Attaching a scope to a rifle can feel like a complex evolution. If you do it incorrectly, your scope will move when firing it, and or you’ll be less accurate.
However, if you have the right tools, and follow these steps, you’ll be able to properly mount your scope, and mitigate those problems. With that, let’s begin.
First, you’re going to need to have the right tools in order to attach your scope. However, when it comes to the tools, there are some that are absolutely requirements for this, and then there are some recommended tools that will help to make this either more accurate, or more efficient.
- Allen wrenches hex keys: https://www.amazon.com/AmazonBasics-Hex-Allen-Wrench-Ball/dp/B0776C2D6H
- Threadlock: https://www.amazon.com/Loctite-Heavy-Duty-Threadlocker-Single/dp/B000I1RSNS
- Torque wrench instead of allen/hex: https://www.amazon.com/Vortex-Optics-Torque-Wrench-Mounting/dp/B07XPFPNMP
- Leveler: https://www.brownells.com/search/index.htm?k=Arisaka+Optic+Leveler+Combo&ksubmit=y
Next, you’ll need to make sure you have the right base and rings for your scope and rifle. This step used to be the hardest because only certain bases work for certain rifles. Then on top of that, certain rings would work with certain scopes and some of those rings only work with other bases. If that made your head spin, you’re not alone.
Luckily, just recently, Gun University came up with a free tool that figures all of that out for you. Using the Scope Ring Finder, all you need to do is enter in your specific scope, then your rifle, and the intended interface (how you’d like the ring to attach to the base), and the Scope Ring Finder will list every ring, base and lens cap that will work. Furthermore, it will find the cheapest price online.
Now, using this tool, you no longer have to figure out the diameter, height, and bases and just just use this to find your perfect pairing. Also, if you’d like to learn more about how to manually find them, be sure to have a good understanding of the types of rings in the market.
Once you’ve got your base, you’ll need to attach it to your rifle. If your rifle already has a base on it (like most AR15’s do), then you can skip this step. If not, then continue forward.
First make sure to clean off the surface of the rifle using a CLP or gun oil. Next align the base to the rifle and attach it via the screws. Once you have the base attached, then remove one screw and add some loctite, and screw it back in. Do one screw at a time.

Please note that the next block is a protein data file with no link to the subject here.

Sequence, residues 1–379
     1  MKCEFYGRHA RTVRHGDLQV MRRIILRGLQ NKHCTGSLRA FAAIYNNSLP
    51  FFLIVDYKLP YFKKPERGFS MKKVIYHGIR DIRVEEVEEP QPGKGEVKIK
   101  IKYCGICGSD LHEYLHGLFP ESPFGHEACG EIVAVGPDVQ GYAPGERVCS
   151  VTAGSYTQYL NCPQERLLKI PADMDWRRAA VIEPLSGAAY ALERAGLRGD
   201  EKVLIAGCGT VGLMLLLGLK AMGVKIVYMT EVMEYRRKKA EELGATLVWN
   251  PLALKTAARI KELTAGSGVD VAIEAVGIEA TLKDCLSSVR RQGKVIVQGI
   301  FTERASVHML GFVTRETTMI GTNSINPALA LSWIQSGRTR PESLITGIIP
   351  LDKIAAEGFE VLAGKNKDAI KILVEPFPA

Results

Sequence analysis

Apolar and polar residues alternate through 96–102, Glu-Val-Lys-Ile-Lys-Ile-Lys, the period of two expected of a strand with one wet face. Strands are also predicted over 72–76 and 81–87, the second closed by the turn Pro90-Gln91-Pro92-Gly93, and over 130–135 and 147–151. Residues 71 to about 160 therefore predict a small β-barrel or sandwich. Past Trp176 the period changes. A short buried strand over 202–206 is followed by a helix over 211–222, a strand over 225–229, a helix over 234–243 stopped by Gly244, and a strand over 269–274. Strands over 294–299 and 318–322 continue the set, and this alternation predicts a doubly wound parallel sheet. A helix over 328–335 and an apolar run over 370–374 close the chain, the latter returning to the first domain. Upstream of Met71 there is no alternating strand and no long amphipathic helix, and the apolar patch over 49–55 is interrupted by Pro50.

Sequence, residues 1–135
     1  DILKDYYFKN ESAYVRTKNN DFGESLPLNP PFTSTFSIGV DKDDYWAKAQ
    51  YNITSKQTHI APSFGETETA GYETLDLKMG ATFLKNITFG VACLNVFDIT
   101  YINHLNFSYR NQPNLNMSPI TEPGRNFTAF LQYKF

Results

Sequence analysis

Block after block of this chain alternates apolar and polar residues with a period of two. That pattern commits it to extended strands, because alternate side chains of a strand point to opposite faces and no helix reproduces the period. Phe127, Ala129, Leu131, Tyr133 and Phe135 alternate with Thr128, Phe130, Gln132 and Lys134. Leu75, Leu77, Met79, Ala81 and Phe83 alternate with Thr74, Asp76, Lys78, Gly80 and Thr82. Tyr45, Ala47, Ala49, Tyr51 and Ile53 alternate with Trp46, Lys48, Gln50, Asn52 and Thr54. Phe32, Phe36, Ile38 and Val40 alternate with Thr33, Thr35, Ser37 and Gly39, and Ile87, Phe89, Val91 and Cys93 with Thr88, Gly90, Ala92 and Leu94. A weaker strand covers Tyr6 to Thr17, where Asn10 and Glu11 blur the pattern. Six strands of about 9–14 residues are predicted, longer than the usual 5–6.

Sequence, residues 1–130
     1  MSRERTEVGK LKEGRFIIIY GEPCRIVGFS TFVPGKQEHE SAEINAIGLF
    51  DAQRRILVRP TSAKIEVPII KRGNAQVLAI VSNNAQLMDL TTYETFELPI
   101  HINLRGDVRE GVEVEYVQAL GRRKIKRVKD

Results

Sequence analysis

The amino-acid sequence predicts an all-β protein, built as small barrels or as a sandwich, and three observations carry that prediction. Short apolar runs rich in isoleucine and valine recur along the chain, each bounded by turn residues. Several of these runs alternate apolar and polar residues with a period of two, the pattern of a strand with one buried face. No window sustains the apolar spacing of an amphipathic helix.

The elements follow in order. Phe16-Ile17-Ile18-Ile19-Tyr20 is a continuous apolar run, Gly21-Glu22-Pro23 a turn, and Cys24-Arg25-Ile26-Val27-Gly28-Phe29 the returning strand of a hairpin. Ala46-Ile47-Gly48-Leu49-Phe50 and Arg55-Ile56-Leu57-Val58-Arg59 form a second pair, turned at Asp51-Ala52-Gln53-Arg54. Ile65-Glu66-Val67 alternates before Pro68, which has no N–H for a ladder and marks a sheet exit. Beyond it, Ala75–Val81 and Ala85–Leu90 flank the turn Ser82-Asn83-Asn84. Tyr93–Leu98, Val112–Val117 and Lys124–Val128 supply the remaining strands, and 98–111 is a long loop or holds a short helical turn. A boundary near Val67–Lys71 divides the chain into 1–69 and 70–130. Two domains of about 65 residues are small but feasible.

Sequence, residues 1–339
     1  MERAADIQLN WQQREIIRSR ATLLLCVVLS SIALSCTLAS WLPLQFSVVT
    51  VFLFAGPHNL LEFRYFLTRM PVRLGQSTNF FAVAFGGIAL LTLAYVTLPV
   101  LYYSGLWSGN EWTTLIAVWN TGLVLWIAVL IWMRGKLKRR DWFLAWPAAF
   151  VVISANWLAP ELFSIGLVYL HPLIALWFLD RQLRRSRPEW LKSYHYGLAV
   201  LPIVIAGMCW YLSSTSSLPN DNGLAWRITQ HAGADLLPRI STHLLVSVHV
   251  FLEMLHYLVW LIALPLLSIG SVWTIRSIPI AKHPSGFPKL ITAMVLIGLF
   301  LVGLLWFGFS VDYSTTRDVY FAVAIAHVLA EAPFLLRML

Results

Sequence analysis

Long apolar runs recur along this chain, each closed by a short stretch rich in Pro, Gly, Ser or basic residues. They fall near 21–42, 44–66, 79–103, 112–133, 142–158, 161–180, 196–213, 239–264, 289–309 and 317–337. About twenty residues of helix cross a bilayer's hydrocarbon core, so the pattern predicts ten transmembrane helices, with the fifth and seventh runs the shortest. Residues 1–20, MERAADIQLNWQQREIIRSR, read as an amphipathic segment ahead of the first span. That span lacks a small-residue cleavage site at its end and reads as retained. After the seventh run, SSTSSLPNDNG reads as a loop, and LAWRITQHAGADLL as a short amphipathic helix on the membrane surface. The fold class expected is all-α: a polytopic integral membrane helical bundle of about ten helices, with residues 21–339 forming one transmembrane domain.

Now that you have the base attached to your rifle, it’s time to attach the scope rings to the base.
To do this, first position the rings where they fit the base and your rifle just right (A). Then make sure the rings are shoved forward as much as possible and then tighten them down to the base. This is because the rings will have a bit of slop, and when you fire, that inertia will have them drive backwards.
Once you’ve done that, go ahead and place the scope on the rings (B). Next put the top part of the rings over the scope (C). You don’t want to fully tighten them because in later steps we will be adjusting the scope.
NOTE: Depending on the rings you are using, you might have a knob or screw that helps the rings to clamp it to the base. If you do, it is best to have the knob or screw on the opposite side of the casing ejection.
At this point we have the rings attached to the base, and can sit the scope on top of the bottom part of the rings. However, before we screw the top part of the rings onto the scope, we need to make sure the scope is sitting in the right position.
To do this best, you need to position your head on the stock of the rifle as if you are about to fire. From there, you want to move the scope forward or backward until the black fuzzy ring has disappeared. If you need to, you might need to move the rings and thus move back to step 4.
Most scopes have a flat bottom that you can use to align the scope to the rail and since we haven’t secured the rings to the scope (that comes next), there is some wiggle room to adjust the scope to the base.
If you purchased the leveling tool that was recommended earlier, you can put the base of the leveler on the rail and use the wedge to align the body of the scope to the rail.
If however, your scope is round bottom, you can use a set of levels to level the rifle first, and then you can level the scope by putting a level on the top of the scope cap.
Now that you have the scope in the right position, you can fully tighten the rings around the scope. It is best to tighten the rings in an X pattern.
If you have a torque wrench, it is best to follow the guidance if given by the scope or rings. However, the below are good rules of thumb to use otherwise:
|Scope Mounting Component||Preferred Torque||Maximum Torque|
|Rifle Base||20-22 in/lbs||25 in/lbs|
|Tactical rings to base||65 in/lbs||65 in/lbs|
|Hunting rings to base||20 in/lbs||25 in/lbs|
|Scope rings around scope||15 in/lbs||20 in/lbs|
Now that you’ve got your scope mounted to your rifle, you’ve still got a few more steps before being ready. If you haven’t already, you’ll need to not only zero your scope so as to improve your accuracy at different distances.
However, with a properly installed scope, and a well zero’ed scope, you should be good to go.